Few architects have influenced so many facets of a region as John Yeon (1910-94). For those acquainted with the name at all, he is most widely remembered as an architect, in particular for a series of houses—most prominently, the 1937 Aubrey Watzek House—that drew an international spotlight to what came to be known as the Northwest Regional style of modernism. His far-reaching innovations in construction and in what today is called sustainable design and his stylistic freedom from modernist dogma anticipated later movements ranging from the ecological modernism of Glenn Murcutt to the postmodern eclecticism of Robert Venturi and Charles Moore.
Yet as a planner, conservationist, art collector, historic preservationist, urban activist, and, perhaps most of all, connoisseur of elegance and craft, Yeon showed equal vision, whether crafting the gentle curves of a chandelier, shaping precedent-stretching gardens, choosing notable works of Asian and European decorative arts, or preserving what are now some of the Northwest’s most enjoyed vistas. Yeon wrote the first environmental impact statement for the Columbia Gorge, stopped roads and development that would have marred treasured scenic vistas at the Oregon Coast, played a pivotal role in the creation of Olympic National Park, and prevented the demolition of the Greek Revival First National Bank in Portland.
Yeon once compared his attitude toward architecture to that of a “landscape painter imagining what would look good in his landscape painting.” The primacy of the visual—the quest for beauty—applied to Yeon’s every pursuit.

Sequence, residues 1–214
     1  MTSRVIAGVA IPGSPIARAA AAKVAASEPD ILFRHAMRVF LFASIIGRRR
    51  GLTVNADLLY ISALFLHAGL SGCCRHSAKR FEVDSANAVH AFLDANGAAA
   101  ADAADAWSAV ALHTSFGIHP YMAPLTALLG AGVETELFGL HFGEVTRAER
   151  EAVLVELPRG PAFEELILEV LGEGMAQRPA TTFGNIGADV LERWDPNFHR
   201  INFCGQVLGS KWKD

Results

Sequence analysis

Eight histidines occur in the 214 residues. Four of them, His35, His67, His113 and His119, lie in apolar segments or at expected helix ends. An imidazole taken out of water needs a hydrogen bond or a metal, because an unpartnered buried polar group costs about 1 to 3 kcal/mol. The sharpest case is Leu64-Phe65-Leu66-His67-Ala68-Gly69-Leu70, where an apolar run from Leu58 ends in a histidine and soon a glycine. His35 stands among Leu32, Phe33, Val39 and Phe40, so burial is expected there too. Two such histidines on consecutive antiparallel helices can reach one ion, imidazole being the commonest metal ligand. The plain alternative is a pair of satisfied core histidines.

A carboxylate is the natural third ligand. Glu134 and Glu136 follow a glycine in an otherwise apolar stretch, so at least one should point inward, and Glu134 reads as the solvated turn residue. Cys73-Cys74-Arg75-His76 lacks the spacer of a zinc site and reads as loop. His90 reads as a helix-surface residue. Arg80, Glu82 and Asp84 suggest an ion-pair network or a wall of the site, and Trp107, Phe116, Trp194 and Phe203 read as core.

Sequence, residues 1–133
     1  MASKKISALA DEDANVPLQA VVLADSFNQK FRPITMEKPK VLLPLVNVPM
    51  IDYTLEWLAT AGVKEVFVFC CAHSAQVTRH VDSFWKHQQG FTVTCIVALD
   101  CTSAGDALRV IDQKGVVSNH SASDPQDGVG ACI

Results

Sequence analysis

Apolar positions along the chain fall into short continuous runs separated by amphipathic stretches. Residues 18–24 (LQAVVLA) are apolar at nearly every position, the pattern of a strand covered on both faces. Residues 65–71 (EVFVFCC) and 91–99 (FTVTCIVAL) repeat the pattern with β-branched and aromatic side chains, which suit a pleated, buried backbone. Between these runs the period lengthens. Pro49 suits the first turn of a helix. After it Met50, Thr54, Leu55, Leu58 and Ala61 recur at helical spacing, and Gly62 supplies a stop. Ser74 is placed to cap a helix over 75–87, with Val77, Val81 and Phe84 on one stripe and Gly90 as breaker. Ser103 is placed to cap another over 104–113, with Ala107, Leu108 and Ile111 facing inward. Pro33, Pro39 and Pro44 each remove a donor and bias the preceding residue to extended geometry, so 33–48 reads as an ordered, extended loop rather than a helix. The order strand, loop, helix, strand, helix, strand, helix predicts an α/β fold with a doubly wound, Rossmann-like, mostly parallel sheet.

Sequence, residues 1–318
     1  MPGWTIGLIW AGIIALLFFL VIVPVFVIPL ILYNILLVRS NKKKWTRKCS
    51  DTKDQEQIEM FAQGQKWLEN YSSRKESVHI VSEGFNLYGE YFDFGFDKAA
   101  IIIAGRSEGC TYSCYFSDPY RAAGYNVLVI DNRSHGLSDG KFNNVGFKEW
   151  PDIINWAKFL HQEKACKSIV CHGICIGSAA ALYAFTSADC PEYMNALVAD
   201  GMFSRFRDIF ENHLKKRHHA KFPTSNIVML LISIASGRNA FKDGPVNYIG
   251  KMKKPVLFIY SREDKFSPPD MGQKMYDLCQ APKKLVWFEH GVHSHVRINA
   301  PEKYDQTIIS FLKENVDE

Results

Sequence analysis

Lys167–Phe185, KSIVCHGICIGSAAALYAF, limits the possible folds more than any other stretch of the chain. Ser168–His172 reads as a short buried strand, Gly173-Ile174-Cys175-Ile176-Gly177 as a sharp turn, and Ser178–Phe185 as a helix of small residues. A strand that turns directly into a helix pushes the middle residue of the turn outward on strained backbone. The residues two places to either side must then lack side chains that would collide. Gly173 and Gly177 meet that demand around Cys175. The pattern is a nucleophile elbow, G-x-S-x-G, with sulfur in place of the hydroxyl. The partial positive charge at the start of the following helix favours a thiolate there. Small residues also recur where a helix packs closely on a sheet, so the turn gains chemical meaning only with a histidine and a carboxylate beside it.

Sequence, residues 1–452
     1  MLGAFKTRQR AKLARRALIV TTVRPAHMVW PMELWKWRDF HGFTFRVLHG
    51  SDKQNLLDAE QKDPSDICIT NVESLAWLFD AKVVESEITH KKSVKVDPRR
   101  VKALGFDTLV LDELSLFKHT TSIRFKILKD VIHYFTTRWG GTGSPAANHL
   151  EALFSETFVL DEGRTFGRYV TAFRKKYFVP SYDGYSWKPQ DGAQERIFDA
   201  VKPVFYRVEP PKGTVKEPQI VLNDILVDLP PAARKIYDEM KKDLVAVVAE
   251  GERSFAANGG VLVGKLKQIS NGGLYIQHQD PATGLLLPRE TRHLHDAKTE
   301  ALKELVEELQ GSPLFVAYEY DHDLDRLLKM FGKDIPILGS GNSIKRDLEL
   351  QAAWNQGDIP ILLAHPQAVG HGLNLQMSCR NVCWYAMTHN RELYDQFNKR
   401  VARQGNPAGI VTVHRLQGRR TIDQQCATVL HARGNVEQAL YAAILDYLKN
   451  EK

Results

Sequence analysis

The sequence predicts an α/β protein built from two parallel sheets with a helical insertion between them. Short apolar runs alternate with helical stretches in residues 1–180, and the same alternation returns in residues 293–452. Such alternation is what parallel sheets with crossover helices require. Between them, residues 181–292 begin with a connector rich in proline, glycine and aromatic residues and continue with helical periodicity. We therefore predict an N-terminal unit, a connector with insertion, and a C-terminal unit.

The exhibit features original models and drawings, along with photographs by a trio of the midcentury’s greatest architectural documentarians—Ezra Stoller, Maynard Parker, and Roger Sturtevant. Newly developed models and axonometric drawings will invite a greater understanding of Yeon’s careful siting of buildings and his cutting edge construction and sustainable design techniques. A high-definition time-lapse video records the changing seasons at the stunning 78-acre preserve in the Columbia Gorge, The Shire, that Yeon saved from development and, in the tradition of the English picturesque, designed with a series of vistas of Multnomah Falls. A collection of magazines and books and other ephemera featuring Yeon’s architecture and writings will also be displayed, among them, Architecture Forum, House Beautiful, and a series of Museum of Modern Art catalogs.
Quest for Beauty is the largest exhibit the Portland Art Museum has ever devoted to a single architect. But what makes it unique, even among architecture exhibits, is the blend of buildings, landscape, art, furniture, and objects that together showcase a restless eye and mind that could absorb the lessons of centuries of Asian and European art while developing an original vision for the Pacific Northwest.
Credit: Exhibition overview from museum website
Whether you go or not, Of Barns and Palaces: John Yeon Northwest Architect is the first detailed monograph on Yeon’s work - devoted primarily to his residential architecture and his unique approach to their design. Yeon’s own descriptions enrich the Illustrated with his own drawings and contemporary photographs, and there are many new drawings and diagrams made for this book. Largely self-taught as an architect, John Yeon (1910-1994) designed some of the most beautiful and influential structures in the Pacific Northwest, among them the Watzek House of 1937 which received national acclaim as a new paradigm of modern regional architecture. Several of Yeon’s buildings are listed on the National Register of Historic Places or have National Landmark status. At the same time, he built an important legacy
as a tireless advocate for parks and for the protection of sweeping natural landscapes of the region, including the Columbia River Gorge National Scenic Area